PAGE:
Magazine Article | March 17, 2009

How You Can Benefit From Smart Services

Source: Field Technologies Magazine

Industry experts explain what Smart Services are and the various ways they can impact your business processes.

Integrated Solutions, January/February 2009

Remote monitoring is one of the many uses of M2M (machine-to-machine) technology. Companies can deploy an M2M solution that will allow them to receive data from various pieces of equipment to monitor the equipment's performance and health and often diagnose problems proactively. For example, I recently wrote a case study about convenience-store chain Wawa ( Wawa is using M2M technology to remotely monitor and control each refrigeration unit in more than 250 of its stores from a central location. By doing so, the company has decreased the frequency of on-site service calls.

Smart Services is when a company offers the functionality of remote monitoring and diagnostics as a service. So, rather than implementing an on-premise M2M solution like Wawa did, you could take advantage of M2M technology either by offering it as a service or by reaping the benefits of that service. According to Marc Petock, VP of global marketing and communications at Tridium, a global M2M company, the uses for and benefits of M2M (including Smart Services) are far-reaching. "Today, there are approximately 50 billion machines worldwide that can incorporate M2M technology. By 2020, there will be more than a trillion," he says. In addition to Petock, I spoke with Steve Pazol, VP, global Smart Services, Qualcomm Enterprise Services, to help you fully understand the benefits Smart Services can offer.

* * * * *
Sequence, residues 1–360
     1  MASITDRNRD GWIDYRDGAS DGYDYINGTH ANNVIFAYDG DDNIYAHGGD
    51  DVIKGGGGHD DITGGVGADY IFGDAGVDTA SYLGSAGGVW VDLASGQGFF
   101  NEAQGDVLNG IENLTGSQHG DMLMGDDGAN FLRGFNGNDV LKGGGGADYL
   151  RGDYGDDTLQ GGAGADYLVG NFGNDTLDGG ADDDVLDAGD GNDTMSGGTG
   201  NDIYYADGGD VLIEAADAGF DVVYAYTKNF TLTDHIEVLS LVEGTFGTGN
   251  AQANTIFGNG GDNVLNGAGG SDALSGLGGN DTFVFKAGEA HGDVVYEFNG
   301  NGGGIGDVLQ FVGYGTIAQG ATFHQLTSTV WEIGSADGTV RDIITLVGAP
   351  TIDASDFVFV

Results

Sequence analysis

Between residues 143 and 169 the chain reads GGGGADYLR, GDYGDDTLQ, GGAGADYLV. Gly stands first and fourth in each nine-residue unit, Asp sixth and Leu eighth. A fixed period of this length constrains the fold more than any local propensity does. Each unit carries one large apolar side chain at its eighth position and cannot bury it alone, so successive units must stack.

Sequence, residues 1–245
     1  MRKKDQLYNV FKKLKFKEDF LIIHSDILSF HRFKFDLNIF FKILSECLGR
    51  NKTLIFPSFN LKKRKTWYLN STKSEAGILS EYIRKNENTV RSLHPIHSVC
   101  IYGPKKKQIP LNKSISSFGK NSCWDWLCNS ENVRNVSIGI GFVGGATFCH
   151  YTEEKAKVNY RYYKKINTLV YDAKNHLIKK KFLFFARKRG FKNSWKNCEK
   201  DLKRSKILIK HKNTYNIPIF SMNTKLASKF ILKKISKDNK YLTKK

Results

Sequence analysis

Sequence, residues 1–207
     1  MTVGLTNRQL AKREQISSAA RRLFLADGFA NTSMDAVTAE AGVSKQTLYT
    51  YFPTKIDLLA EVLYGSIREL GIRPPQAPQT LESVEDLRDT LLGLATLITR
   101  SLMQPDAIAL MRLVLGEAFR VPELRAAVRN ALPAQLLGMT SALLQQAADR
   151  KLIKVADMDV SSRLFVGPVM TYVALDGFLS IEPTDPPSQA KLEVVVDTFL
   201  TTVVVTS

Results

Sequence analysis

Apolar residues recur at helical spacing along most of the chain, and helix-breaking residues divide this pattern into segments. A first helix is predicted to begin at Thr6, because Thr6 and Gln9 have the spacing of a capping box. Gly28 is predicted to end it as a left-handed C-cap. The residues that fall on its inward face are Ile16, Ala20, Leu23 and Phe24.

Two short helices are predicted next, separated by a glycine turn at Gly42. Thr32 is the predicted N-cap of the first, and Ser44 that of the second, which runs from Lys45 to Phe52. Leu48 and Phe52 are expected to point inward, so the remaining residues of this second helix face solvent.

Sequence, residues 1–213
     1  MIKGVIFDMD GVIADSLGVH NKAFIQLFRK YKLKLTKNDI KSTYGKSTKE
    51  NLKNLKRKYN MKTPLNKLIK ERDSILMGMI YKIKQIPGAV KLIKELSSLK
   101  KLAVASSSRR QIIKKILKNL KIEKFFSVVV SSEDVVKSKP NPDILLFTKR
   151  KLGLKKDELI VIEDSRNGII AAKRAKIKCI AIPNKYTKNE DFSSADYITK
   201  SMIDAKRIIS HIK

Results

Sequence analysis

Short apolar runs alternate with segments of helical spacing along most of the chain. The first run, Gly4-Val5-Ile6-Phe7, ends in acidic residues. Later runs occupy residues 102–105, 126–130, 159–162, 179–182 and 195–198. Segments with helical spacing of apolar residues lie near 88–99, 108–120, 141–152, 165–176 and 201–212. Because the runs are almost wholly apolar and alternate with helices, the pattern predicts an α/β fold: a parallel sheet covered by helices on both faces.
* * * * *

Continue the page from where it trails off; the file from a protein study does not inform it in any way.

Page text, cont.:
Smart Services 101
As previously mentioned, there are two ways to view Smart Services, one of which is if you manufacture a product or provide a service for which offering Smart Services could add to your bottom line. "Smart Services provide a two-way link between product manufacturers and their customers, enabling the manufacturer to gather usage and behavior information to proactively respond with maintenance and repair and to provide value-added contextual information," says Pazol. To illustrate, I'll refer to an article I wrote on Varian Medical Systems ( Varian manufactures and services medical systems used throughout various hospitals in the United States. Obviously, uptime of this equipment is important to maintain customer care; therefore, Varian has to service the equipment in the most efficient manner possible. To do so, Varian recently implemented an M2M solution that allows the company to remotely monitor the usage and health of its equipment. By doing so, Varian can proactively avoid downtime, and when a customer does have an issue, Varian can often diagnose the problem remotely so visits to the site and time spent there are reduced. Using M2M in this way to offer Smart Services enables you to decrease service-visit truck rolls (in turn, decreasing fuel and labor costs) and often earn recurring revenue from companies who are more than willing to pay for such service. "Offering Smart Services can help you gain a competitive edge over companies using traditional service methods. By remotely monitoring, repairing, and controlling equipment, you increase customer satisfaction with faster problem resolution and concrete savings on service costs [through fewer site visits]," says Petock.